Case Studies & Field Reports

Stainless-steel touch computers monitor meat safety

April 1, 2010
/ Print / Reprints /
ShareMore
/ Text Size+
Computer-based downtime reduced by 80%.

Olymel uses noax sealed industrial PCs to track all pertinent information on its meat products, and at the final weight point, data is compared with the expected data on the labels to verify traceable information. Source: noax Technologies.


Olymel, a major Canadian pork and poultry producer, slaughters and processes roughly 122,000 hogs and 1.4 million birds weekly at its 26 facilities in Quebec, Ontario and Alberta. It then distributes its products in grocery meat departments and self-serve coolers, hotels, restaurants and institutions throughout Canada, the US, Australia, Japan and 60 other countries.

A meat processing plant is a punishing environment requiring frequent washdowns and sanitation with disinfectant chemicals and high-pressure water streams. Temperatures extremes can run from sub-freezing cold storage to high heat that causes moist air to fog up computer screens and make them unreadable. “The problem was that our computers were not responding to our demands; they were basically homemade and often broken,” says Michel Lord, Olymel’s sector director for equipment and technology.

“We depend on recording data using these computers, data that we need to help ensure the safety of our process. So when the computer cannot do its job, we have to stop the line, and that is costly to our operation.” Lord looked at replacing the old computers with industrially-hardened machines and decided to try noax Technologies after a partner discovered the supplier at a regional Chicago trade fair. The noax Steel Series PCs use food-grade, polished stainless-steel enclosures meeting IP65 (NEMA 4) standards.

Lord put the computers to the test in his environment. First he connected the computer to the network and hosed it down. There was “no seepage between the window,” said Lord. “This is typically a big problem with computers. When the area gets hot, you can’t see the screen, and the mist fogs up the display. The noax computer does not have that problem,” he concluded.

Cold temperatures can knock a computer out of action. “I meant to leave the noax computer in the freezer for an hour,” says Lord, “but after forgetting about it for over a day, I hooked up the computer and it worked!” Finally, he dropped the computer into a pool for ten seconds. The immersion failed to impede the computer’s operation. “After all of the torture testing, I told my boss I wanted these computers.”

The computers are stationed along the inspection line to receive data on the carcass before it is processed. They enable plant employees to feed data to the company’s mainframe system using the touch screen as product moves along the process. At the packaging stations, box contents and weight are entered into the computer and are matched with the information.

The computers previously had been used for data collection only. During meat processing, the computers help traffic cartons to their final destination. When the boxed-up pork is ready to leave, the conveyor leads it up to a motion scale. The weight is captured, and the industrial computer directs a printer to apply a label to the box.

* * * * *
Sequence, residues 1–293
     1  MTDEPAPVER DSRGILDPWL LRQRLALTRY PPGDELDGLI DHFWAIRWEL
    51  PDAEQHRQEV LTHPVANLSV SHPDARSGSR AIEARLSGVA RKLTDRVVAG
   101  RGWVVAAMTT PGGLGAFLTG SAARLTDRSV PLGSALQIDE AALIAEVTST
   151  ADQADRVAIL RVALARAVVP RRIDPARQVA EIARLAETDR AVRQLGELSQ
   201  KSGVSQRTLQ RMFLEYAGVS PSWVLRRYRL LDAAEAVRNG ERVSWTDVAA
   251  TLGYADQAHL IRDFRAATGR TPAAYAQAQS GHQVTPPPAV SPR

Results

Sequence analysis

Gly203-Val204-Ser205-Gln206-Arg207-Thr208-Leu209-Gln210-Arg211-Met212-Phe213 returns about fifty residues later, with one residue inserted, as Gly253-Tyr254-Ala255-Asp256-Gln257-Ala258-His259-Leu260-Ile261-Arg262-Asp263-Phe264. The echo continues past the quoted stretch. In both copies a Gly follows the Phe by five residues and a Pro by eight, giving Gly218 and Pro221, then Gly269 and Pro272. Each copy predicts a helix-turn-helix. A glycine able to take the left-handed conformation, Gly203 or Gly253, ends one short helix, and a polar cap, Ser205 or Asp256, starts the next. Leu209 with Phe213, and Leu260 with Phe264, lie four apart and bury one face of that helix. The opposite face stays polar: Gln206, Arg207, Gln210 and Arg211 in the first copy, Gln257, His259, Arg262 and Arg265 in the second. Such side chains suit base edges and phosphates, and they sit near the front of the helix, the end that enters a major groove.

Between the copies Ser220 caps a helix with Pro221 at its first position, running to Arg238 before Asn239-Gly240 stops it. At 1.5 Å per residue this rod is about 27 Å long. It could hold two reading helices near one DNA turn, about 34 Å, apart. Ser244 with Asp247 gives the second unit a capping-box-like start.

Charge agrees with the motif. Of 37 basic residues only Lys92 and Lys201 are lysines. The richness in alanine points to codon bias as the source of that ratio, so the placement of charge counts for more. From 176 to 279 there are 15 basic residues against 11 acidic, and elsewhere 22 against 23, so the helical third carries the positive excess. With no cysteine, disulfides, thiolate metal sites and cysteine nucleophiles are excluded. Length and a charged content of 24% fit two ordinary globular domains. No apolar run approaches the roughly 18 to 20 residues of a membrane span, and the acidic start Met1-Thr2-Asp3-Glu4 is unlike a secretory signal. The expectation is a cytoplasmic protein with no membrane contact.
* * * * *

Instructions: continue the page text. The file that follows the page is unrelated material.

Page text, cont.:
Olymel uses 230 industrial computers throughout its plants. Having acquired its first units in 2001, many are still being used today. “Since we started using noax computers,” says Lord, “we have seen our computer downtime drop by 80%”.

For more information:
Jonathan Staub, 704-992-1606 x202, jstaub@noaxna.com

Did you enjoy this article? Click here to subscribe to Food Engineering Magazine.

You must login or register in order to post a comment.

Multimedia

Videos

Image Galleries

Plant of the Year 2014

Blue Diamond Growers was chosen as Food Engineering's 2014 Plant of the Year. The Sacramento-based company is the world’s largest producer of almonds and almond ingredients.

Podcasts

Burns & McDonnell project manager RJ Hope and senior project engineer Justin Hamilton discuss the distinctions between Food Safety and Food Defense as well as the implications for food manufacturers of the Food Safety Modernization Act.
More Podcasts

FSMA Audit

What is the is most important step you have taken to become ready for a FSMA audit?
View Results Poll Archive

Food Engineering

FE September 2014

2014 September

The September 2014 issue of Food Engineering explores how lean manufacturing, quality improvements and increased automation helps processors meet rapidly changing demands. Also, read how robotics, advanced machine controls, software and OEE are just a few of the tools that can boost productivity on packaging lines.

Table Of Contents Subscribe

THE FOOD ENGINEERING STORE

Food-Authentication-Flyer-(.gif
Food Authentication Using Bioorganic Molecules

This text provides critical tools and data needed to augment routine food analysis and enhance food safety by aiding in the detection of counterfeit, and potentially deleterious, foods.

More Products

Clear Seas Research

Clear Seas ResearchWith access to over one million professionals and more than 60 industry-specific publications,Clear Seas Research offers relevant insights from those who know your industry best. Let us customize a market research solution that exceeds your marketing goals.

Food Master

Food Master Cover 2014Food Master 2014 is now available!

Where the buying process begins in the food and beverage manufacturing market. 

Visit www.foodmaster.com to learn more.

STAY CONNECTED

FE recent tweets

facebook_40.pngtwitter_40px.pngyoutube_40px.png linkedin_40px.pngGoogle +